As relevant here, for the cost/price factor, the RFTOP required offerors and their proposed subcontractors to provide their cost/price proposals in a Microsoft Excel workbook, and permitted subcontractors to submit proprietary data directly to the government.  See RFTOP at 80-85.  The workbook was to include several worksheets, including an indirect rate worksheet that showed the proposed indirect cost rates.  Id. at 81, 83.  The RFTOP advised offerors that “[f]ailure to provide [the cost/price proposals] as directed shall result in the entire proposal being considered ineligible for award.”  Id. at 80.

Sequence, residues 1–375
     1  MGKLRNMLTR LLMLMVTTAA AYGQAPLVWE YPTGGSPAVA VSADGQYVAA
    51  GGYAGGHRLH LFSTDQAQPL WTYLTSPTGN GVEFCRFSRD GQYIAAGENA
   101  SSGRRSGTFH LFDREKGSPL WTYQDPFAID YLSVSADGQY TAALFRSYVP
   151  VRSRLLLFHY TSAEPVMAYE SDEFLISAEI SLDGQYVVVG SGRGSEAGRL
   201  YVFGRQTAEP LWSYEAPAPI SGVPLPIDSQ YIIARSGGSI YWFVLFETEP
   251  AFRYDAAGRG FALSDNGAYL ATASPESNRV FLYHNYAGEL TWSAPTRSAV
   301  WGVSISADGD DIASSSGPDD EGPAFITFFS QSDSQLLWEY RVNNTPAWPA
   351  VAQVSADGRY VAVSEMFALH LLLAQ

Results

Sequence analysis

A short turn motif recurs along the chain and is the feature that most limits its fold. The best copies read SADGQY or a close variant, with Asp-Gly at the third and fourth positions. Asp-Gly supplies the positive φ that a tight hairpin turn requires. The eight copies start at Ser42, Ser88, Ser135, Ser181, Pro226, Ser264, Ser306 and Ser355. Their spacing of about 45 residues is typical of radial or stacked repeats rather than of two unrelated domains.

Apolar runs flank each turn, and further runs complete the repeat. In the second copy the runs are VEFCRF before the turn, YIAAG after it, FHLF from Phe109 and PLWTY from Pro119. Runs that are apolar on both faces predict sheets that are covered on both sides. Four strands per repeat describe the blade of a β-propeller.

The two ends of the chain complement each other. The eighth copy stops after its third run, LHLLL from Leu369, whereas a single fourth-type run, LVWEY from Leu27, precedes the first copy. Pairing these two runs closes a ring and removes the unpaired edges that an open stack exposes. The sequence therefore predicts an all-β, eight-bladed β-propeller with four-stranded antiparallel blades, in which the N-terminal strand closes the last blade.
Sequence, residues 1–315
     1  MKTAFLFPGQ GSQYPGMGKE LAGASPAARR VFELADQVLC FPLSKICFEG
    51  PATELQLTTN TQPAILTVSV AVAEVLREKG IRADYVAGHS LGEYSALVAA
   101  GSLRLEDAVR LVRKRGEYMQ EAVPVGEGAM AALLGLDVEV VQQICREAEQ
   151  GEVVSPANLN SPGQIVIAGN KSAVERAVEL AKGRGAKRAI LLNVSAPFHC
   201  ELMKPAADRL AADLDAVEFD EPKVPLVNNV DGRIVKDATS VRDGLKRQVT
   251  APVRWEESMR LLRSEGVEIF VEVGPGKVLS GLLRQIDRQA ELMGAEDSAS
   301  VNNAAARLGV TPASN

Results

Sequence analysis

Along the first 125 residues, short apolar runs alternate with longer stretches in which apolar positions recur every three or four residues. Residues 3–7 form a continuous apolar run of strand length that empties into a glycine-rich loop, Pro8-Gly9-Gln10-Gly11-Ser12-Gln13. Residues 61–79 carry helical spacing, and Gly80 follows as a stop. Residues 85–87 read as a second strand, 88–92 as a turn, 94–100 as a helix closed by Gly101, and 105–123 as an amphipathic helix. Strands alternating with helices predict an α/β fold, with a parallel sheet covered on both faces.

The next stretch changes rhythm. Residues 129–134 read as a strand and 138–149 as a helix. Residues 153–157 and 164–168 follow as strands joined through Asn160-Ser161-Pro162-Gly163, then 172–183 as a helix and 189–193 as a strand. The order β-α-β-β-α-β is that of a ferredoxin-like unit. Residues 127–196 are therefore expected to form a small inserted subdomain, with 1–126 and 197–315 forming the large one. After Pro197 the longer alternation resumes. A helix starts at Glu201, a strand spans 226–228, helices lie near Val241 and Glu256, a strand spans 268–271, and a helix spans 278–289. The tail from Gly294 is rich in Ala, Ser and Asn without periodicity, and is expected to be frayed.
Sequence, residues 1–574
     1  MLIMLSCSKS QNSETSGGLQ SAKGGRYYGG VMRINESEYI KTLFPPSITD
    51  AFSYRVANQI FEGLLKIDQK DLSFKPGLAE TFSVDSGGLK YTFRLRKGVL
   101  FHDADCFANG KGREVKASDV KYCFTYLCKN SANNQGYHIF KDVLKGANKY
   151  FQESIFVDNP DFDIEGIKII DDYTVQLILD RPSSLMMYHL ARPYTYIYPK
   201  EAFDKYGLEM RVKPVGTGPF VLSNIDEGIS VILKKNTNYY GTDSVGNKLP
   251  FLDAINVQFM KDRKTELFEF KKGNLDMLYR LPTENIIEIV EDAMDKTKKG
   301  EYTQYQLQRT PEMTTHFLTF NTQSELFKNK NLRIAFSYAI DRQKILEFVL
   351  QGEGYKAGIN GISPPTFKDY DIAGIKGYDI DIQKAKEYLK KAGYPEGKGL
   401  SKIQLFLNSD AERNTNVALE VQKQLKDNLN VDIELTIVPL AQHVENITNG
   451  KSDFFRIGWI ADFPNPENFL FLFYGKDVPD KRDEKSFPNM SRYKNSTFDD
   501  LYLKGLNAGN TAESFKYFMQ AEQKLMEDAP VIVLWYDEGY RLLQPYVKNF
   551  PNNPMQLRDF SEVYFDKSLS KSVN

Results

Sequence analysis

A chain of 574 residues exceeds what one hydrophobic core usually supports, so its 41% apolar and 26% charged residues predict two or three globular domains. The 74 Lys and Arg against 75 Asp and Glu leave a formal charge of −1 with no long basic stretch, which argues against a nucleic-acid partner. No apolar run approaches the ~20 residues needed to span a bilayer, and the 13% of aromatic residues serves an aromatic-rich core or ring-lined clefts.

Further, the RFTOP required that offerors propose a direct labor rate for each labor category, and stated as follows:

In accordance with [Federal Acquisition Regulation (FAR)] 15.404-1(d), the Government has established a proposal pricing range (Proposal Pricing Range) and a separate direct labor rate range (Direct Labor Rate Range) that, by definition, is realistic and fair and reasonable.  Proposal pricing and or direct labor rates proposed outside of these Government determined parameters will be ineligible for award as those proposals below the threshold or floor of the established Proposal Pricing Range shall be deemed unrealistic while those above the threshold or ceiling shall be determined as not fair and reasonable.